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Evolution of Multicellularity

  1. Aurora M Nedelcu

Published Online: 15 MAR 2012

DOI: 10.1002/9780470015902.a0023665

eLS

eLS

How to Cite

Nedelcu, A. M. 2012. Evolution of Multicellularity. eLS. .

Author Information

  1. University of New Brunswick, Department of Biology, Fredericton, New Brunswick, Canada

Publication History

  1. Published Online: 15 MAR 2012

Abstract

Multicellularity has evolved multiple times, independently, in lineages from all three domains of life. The transition from a unicellular to a multicellular life-style entails the integration of previously independent individuals into a new kind of individual. The emergence of individuality at the higher level requires the evolution of cooperative and altruistic behaviours, division of labour (including the separation of reproductive and somatic activities among cells), the reorganisation of basic life properties (such as immortality and totipotency), and the reorganisation of fitness (with cells specialising in one or the other fitness components – survival or reproduction). At a more mechanistic level, a new genotype–phenotype map has to be created to reflect the emergence of a new kind of individual. Notably, many traits associated with multicellularity appear to have involved the co-option of genes and pathways already present in unicellular lineages. The evolution of multicellularity has been driven by a combination of selective pressures, developmental constraints and life history trade-offs specific to each lineage.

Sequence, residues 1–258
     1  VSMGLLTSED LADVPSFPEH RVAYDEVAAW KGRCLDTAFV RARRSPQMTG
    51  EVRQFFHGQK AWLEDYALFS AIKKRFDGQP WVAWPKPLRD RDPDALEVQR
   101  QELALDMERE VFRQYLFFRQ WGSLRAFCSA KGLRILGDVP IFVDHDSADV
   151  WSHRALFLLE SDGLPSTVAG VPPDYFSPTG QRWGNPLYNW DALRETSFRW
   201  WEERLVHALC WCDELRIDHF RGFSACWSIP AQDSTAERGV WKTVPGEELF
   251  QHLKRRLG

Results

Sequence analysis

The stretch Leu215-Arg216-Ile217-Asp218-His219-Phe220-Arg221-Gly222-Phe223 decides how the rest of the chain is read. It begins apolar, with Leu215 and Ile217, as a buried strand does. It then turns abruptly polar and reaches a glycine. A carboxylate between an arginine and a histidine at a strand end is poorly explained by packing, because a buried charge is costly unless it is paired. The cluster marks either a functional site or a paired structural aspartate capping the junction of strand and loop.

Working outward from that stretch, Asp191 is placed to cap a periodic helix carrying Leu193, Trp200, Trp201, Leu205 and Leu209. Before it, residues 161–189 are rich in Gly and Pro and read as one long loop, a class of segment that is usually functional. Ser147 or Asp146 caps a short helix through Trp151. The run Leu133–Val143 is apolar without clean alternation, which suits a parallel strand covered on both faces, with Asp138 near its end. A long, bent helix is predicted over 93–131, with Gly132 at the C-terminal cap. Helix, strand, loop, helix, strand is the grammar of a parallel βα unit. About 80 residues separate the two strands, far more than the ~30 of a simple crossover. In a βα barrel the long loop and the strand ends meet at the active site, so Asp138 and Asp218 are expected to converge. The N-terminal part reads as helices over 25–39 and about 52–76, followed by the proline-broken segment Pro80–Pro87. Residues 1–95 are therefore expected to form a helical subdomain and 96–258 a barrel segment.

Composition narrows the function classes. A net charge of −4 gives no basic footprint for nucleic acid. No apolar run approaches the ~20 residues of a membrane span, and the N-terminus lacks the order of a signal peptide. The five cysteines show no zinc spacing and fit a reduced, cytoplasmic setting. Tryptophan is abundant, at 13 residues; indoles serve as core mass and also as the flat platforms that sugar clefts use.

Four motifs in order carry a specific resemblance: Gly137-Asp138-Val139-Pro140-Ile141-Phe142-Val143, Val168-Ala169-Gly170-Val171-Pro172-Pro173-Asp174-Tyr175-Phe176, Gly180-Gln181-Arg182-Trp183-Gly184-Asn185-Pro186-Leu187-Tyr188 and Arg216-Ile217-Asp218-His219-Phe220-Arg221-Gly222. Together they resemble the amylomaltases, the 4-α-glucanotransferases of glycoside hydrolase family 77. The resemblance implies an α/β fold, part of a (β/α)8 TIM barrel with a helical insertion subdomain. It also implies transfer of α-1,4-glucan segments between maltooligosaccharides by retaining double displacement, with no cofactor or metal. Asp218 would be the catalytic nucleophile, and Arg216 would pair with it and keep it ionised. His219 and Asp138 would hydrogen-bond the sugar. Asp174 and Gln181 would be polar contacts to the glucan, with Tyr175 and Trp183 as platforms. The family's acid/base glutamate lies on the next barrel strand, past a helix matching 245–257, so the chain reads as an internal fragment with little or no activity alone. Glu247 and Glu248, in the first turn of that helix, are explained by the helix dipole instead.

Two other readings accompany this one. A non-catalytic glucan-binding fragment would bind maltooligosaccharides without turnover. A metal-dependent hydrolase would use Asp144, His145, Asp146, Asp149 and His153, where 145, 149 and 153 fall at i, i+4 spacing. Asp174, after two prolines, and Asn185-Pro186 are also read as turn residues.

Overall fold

Key Concepts:

  • The transition from a unicellular to a multicellular life-style constitutes a transition in individuality, a process whereby a group of previously independent individuals become stably integrated into a new functional, physiological and reproductively autonomous and indivisible evolutionary unit – that is, a new individual.

  • The successful integration of previously independent individuals into a new kind of individual requires the evolution of cooperative and altruistic behaviours, division of labour, the reorganisation of basic life properties, and the reorganisation of fitness.

  • Multicellularity has evolved independently in at least 25 lineages from all three domains of life.

  • The evolution of multicellularity has been driven by a combination of selective pressures, developmental constraints and life history trade-offs specific to each lineage.

  • Many traits associated with multicellularity involved the co-option of genes and pathways already present in unicellular lineages.

Keywords:

  • evolution;
  • multicellularity;
  • soma;
  • altruism;
  • cooperation;
  • life history trade-offs;
  • gene co-option;
  • volvocine algae;
  • Volvox